• your body may be under different stressors at the next exposure

When Do Allergies Become Dangerous?

Allergies such as hay fever may be miserable, but for many sufferers they’re simply part of the season. If you’re allergic to a particular pollen, you have to take medications when that plant is blooming.

Allergies become dangerous when they trigger a long-term reaction and condition that impacts your ability to breathe, eat and sleep. For example, seasonal allergies are a temporary condition that wane as the weather changes and may be impacted by your physical location.

If your allergies lead to an allergic asthma reaction, the lung inflammation could turn into a dangerous flare-up and cause a long-term condition that can restrict your breathing over a lifetime.

Do Allergies Get Worse Over Time?

If you’ve had a bad allergic reaction to a particular food, such as shrimp or honey, you may be concerned that the next reaction can be worse. The truth is that an increase in the severity of your reaction is actually unknown.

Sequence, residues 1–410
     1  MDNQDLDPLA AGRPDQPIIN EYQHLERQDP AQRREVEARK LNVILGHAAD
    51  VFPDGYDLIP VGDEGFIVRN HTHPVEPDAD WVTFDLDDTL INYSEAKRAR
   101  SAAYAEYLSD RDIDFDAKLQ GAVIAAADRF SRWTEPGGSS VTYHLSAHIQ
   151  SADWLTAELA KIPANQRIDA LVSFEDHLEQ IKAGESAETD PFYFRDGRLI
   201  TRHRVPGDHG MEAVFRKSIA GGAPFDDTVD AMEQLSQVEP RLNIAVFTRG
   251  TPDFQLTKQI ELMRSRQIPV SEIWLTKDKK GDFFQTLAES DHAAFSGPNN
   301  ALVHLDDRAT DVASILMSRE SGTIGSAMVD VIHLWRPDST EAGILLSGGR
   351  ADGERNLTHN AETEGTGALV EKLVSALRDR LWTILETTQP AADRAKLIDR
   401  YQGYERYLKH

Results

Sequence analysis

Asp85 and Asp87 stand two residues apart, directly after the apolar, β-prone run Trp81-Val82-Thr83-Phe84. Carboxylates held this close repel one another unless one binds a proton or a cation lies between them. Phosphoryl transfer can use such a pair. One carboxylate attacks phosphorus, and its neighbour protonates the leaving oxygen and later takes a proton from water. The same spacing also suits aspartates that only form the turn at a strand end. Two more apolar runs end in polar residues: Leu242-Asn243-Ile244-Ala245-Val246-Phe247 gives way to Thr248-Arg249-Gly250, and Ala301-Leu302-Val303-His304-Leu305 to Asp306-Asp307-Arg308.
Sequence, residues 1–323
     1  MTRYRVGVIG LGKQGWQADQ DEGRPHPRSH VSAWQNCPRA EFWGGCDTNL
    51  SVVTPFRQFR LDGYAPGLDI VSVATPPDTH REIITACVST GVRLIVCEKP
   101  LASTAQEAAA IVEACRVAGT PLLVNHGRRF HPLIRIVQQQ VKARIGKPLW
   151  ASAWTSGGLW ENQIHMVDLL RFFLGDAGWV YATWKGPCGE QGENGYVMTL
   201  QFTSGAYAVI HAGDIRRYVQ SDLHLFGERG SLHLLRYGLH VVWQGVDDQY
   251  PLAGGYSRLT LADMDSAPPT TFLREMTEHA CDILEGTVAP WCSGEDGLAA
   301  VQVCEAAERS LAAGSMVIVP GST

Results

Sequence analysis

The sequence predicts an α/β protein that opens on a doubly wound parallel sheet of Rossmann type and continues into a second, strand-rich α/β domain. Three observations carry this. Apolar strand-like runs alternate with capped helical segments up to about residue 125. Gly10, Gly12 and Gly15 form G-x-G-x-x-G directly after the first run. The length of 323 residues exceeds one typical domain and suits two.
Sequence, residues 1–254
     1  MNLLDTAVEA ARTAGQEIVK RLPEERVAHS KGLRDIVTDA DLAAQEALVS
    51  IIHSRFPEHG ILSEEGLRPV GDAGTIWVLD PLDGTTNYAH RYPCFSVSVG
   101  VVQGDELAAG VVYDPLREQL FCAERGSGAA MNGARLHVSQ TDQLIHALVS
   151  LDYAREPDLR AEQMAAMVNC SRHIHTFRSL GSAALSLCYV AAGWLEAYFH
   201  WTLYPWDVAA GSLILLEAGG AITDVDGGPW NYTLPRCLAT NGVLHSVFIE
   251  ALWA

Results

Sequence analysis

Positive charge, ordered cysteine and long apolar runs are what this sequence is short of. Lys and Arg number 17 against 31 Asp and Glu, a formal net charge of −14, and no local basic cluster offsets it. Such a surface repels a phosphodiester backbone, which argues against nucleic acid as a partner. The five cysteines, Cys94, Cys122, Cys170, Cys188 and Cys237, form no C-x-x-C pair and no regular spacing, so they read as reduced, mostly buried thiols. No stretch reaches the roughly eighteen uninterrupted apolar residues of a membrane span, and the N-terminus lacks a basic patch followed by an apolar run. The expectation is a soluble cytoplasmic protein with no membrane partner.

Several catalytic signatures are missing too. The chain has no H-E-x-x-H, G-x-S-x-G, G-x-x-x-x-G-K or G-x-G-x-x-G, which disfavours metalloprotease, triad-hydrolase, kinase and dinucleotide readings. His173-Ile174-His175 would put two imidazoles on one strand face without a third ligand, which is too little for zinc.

The immune reaction to some triggers, such as bee stings, can appear to become more dangerous over time. For those allergic to bug bites, carrying an epi-pen is critically important to managing your physical reaction before your airway is impacted.

Can You Outgrow Allergies?

There are many food allergies, such as milk and eggs, that children outgrow as they age. However, food allergies to tree nuts often stay with the person for a lifetime. For nasal allergies, the shape of the face and sinus cavities can be the difference between a mild allergic response and a painful bout of sinus pressure.

As a child grows, the sinus cavities may change shape and lead to increased or decreased drainage. As mucus is an ideal breeding ground for bacteria, untreated nasal allergies can actually lead to serious, chronic conditions such as frequent sinus infections.

It should be noted that you can also grow into allergies. If you’re struggling with itchy eyes and a drippy nose in April and you’ve never had that happen before, schedule an appointment with your physician to see if you’re newly allergic to pollen. Medicating now is much easier than dealing with sinus infections in the heat of summer.